uberwest: The US is on the edge of a fiscal cliff because government spending is too high AND because republican senators have (sensibly enough) refused to increase the deficit. Here government spending is too high but no one can stop Osbrowne increasing the deficit. Which will make our own fiscal cliff all the greater when it happens, but it is not yet imminent.

Titus__Pullo: Sadly it's not even our money he's giving away in foreign aid. While we're running and deficit and borrowing hundreds of billion of Pounds he's giving away money our kids will have to pay back with interest. It's their money.

bartsimpson: Don't forget the £3,000,000,000 a year for the BBC propaganda machine.

michaelindeutschland:  why do the Unions not cry about this ? and why do they not ask why is the UK in the EU, which is costing 6 % of GDP for no discernible benfits The people who claim to be helping the most, are the most destructive it was always thus…

Petra Thompson: "why do the Unions not cry about this ?" The trade unions and the Labour Party were opposed to the EEC.  But once the EEC/EU started to pass "social(ist) legislation", the left in Britain warmed to the EU. The big question, is why we have the EU when we have GATT?  Why do we have immigration into the EU, when there are supposed to be tariffs against imported goods e.g. foreign labour.  If every company that brought in a foreign worker had had to stump up a £1million deposit, we would not have seen immigrants coming in and depressing the wages for our workers. For all the claims of the Tories to be "conservatives" they are not.  They are social democrats.  As are Labour and LibDem.  We have a one-party state.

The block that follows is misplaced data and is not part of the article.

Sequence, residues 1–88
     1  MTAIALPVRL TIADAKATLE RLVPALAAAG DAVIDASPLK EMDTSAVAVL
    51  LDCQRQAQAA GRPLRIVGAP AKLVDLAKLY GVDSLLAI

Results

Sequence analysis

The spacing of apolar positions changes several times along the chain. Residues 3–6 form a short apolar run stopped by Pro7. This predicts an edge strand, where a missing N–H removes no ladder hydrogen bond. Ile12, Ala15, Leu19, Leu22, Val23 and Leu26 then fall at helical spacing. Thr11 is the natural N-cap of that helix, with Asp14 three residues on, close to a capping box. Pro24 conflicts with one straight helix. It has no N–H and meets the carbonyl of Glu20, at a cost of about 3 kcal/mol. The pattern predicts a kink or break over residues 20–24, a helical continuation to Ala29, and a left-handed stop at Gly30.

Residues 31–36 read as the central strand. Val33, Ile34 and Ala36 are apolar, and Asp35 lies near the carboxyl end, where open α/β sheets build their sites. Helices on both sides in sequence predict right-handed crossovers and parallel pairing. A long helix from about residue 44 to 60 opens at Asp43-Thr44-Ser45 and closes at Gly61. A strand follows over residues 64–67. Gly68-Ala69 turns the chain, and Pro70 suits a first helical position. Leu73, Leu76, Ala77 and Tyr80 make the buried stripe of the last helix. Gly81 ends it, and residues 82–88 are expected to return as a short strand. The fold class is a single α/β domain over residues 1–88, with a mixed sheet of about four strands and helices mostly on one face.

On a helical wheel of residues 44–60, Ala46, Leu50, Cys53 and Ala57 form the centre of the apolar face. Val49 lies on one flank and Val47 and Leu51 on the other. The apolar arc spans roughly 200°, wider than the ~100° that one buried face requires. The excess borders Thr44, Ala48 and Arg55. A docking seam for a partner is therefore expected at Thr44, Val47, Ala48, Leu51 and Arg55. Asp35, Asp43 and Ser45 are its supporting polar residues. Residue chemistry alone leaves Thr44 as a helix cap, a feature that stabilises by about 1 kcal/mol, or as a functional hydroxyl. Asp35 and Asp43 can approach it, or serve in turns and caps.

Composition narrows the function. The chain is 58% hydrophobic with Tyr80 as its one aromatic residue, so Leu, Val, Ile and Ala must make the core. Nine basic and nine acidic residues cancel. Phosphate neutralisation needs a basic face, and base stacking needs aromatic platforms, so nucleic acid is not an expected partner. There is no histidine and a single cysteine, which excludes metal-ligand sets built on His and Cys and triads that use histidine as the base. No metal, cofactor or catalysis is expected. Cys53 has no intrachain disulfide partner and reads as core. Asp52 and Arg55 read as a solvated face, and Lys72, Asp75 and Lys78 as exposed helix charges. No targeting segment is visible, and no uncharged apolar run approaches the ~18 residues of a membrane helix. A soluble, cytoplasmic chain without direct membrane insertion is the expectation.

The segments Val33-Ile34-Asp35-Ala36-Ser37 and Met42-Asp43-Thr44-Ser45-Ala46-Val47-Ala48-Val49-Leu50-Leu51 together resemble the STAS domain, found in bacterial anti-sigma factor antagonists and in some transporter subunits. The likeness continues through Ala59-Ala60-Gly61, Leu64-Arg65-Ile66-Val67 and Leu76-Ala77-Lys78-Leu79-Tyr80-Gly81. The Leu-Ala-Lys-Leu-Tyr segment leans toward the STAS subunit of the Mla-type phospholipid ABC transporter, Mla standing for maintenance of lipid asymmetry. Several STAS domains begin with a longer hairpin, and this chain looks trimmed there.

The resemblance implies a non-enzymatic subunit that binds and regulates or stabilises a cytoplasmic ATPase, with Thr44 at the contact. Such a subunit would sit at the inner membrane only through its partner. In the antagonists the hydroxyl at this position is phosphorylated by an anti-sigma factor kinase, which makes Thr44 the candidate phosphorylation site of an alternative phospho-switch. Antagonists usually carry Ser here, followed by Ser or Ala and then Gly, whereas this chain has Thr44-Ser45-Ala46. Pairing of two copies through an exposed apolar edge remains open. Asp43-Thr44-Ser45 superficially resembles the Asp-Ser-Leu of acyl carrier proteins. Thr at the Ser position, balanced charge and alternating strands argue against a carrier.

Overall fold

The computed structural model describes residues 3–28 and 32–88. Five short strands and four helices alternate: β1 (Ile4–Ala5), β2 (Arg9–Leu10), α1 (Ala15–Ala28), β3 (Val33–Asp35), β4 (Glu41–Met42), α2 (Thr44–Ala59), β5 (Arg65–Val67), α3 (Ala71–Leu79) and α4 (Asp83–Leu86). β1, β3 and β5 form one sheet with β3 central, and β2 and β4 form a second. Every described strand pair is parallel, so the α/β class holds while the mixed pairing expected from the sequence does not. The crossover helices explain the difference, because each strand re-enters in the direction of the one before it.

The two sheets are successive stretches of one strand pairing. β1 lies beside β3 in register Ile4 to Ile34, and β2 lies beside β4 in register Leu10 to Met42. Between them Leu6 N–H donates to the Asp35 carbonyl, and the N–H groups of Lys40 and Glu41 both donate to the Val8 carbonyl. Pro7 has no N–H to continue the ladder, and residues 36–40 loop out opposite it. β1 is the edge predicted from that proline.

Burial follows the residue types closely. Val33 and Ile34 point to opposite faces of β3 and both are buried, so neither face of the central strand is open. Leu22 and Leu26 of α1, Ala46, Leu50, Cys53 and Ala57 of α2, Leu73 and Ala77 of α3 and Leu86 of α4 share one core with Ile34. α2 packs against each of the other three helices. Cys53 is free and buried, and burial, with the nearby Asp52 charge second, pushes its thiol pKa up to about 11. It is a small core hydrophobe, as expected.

lacoste: Cameron is addicted to spending our money to make him (the PR obsessive) 'look good' and feel good.   It would make him feel so much better if he spent his own money to achieve this end. He is a self-serving man of low intelligence and poor judgement; it is high that time he was ditched by his peers - or they will all be out of a job.

jon03: Young Gideon hoped to make his mark by doing the easy bits while letting growth sort the hard bits. But whadya know? It hasn't worked. So now he's stuck with the difficult stuff. And he's not up to it.

MrVeryAngry: Let's look at a simple example of profligacy.  Radical simplification of the tax code would mean you could sack 80% (probably) of HMRC people (I can't call them 'workers' because they aren't).  Such a move would also make redundant lots of tax 'experts, and you'd still collect all the tax you need.  Ipso fatso 80% of HMRC staff are already on benefits.

loftybill: It's probably cheaper to give them benefits than to employ them as all the money in both cases comes from tax receipts so yes a win win situation.